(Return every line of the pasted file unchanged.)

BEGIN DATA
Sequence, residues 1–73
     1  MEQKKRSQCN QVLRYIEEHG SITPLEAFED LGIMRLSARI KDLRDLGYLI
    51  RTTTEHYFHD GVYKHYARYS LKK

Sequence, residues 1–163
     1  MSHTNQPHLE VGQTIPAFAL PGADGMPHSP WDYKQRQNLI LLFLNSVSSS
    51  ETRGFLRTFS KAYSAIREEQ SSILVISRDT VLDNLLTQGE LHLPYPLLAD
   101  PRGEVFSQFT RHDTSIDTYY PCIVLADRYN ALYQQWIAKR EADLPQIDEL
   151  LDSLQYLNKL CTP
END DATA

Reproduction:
Sequence, residues 1–73
     1  MEQKKRSQCN QVLRYIEEHG SITPLEAFED LGIMRLSARI KDLRDLGYLI
    51  RTTTEHYFHD GVYKHYARYS LKK

Sequence, residues 1–163
     1  MSHTNQPHLE VGQTIPAFAL PGADGMPHSP WDYKQRQNLI LLFLNSVSSS
    51  ETRGFLRTFS KAYSAIREEQ SSILVISRDT VLDNLLTQGE LHLPYPLLAD
   101  PRGEVFSQFT RHDTSIDTYY PCIVLADRYN ALYQQWIAKR EADLPQIDEL
   151  LDSLQYLNKL CTP